WIRED takes its pick of the most weird, baffling and entertaining products at IFA 2015.
IFA 2015 has been a typically strange show. Berlin’s assembled masses have seen gluts of new smartwatches, smart homes and smart, er, rugs, though there have been fewer smartphones than in previous years thanks to Samsung, Motorola and HTC launching their devices earlier, more easily to buffer against the iPhone 6S onslaught that begins like clockwork on 9 September.
WIRED’s pick of the new releases would include the new Moto 360 — pitched by Motorola as a piece of jewellery more than an actual gadget, and as such offered mostly on the quality of its materials and design than what it actually does. The Samsung Gear S2 also impressed with its neat rotating bezel, but as with every other smartwatch on show it didn’t feel like a game-changer for a market still struggling to justify its own existence.
As ever the halls of the ludicrously huge and unwieldy Messe Berlin convention centre have been filled with ever-more-luminous TVs, metric tons of headphones and Bluetooth speakers, dishwashers and juicers. But between the cracks a few more interesting, and entertainingly strange products have also emerged. WIRED has played with a smartphone made by a guitar amp brand, a real-life rolling Star Wars robot and a TV with 10 inexplicable projectors built into the back. We’ve even seen WIRED’s Katie Collins turned into a cyborg herself, inan incredible act of bravery and trans-humanist optimism. Amusingly, the biggest social hit of them all on WIRED.co.uk turned out to be Panasonic’s new analogue turntable.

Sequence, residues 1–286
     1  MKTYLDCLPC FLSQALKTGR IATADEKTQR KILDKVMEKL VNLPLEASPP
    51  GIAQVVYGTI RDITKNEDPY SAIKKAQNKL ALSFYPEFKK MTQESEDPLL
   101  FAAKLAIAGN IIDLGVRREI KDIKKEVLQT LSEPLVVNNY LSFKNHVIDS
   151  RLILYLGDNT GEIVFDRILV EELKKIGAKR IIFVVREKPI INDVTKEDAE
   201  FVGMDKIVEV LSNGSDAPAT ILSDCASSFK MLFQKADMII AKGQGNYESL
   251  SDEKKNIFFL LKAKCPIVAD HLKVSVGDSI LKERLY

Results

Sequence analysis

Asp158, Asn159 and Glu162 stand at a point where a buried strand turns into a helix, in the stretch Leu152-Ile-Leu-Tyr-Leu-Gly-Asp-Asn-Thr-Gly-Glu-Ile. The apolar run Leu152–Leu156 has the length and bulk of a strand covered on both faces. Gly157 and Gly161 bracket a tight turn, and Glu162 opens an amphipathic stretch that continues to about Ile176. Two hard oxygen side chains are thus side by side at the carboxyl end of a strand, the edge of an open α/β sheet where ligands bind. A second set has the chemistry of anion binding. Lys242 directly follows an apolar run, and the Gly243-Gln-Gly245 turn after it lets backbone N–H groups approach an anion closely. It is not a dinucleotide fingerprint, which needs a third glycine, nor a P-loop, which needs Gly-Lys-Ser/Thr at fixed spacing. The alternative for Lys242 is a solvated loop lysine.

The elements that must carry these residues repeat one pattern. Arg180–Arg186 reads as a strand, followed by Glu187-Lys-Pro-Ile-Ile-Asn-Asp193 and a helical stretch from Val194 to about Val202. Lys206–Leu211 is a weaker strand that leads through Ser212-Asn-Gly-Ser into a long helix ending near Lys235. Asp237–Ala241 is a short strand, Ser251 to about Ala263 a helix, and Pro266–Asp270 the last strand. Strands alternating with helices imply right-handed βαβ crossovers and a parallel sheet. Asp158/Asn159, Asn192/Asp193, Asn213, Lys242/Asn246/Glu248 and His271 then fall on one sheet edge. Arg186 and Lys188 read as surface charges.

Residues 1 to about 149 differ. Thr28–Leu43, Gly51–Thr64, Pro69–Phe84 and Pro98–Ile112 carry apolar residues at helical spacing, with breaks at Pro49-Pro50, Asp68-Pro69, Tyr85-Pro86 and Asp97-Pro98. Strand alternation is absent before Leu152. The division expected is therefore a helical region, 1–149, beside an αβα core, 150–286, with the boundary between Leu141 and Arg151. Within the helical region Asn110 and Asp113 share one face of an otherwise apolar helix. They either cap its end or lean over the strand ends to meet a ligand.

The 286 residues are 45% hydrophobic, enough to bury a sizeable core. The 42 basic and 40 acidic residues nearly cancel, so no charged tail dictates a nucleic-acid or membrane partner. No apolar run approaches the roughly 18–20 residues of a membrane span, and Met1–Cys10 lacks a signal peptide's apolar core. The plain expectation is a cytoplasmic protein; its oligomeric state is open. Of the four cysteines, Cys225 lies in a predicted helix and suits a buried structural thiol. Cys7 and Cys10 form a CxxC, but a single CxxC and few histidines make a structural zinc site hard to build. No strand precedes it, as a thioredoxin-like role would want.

With Apple, Google and other giants still waiting to make their Christmas pitch, it’s impossible to ignore the sense of IFA being an intake of breath, rather than an exhalation of creativity. But it’s been a varied and at times delightful show, still capable of surprising the most cynical of onlookers.
Here are WIRED’s favourite strange products from IFA 2015 that we’d actually consider paying money to use:
This isn’t the first Windows PC-on-a-stick, but it might be the best so far. Most obviously, it’s ridiculously cheap — just £85 — comes with two USB ports and a headphones jack, 32GB of storage, 802.11b/g/n Wi-Fi, and Bluetooth 4.0, and it’s powered by a decent Cherry Trail processor. Who knows how it will work in person, but for the right customer or minimalist in your life, it might be a perfect way to have access to a full computer via your TV’s HDMI port, without any fuss.
Philips AmbiLux TV
Philips has offered TVs with integrated, dynamic LED colour lights designed to sparkle on your wall for years, but the AmibiLux takes that concept and makes it, frankly, untenably ridiculous. This is a 65-inch screen with 10 separate LED pico projectors which throw stunning, or garish, or just annoying light in all directions as you watch the screen, filling the room with colour.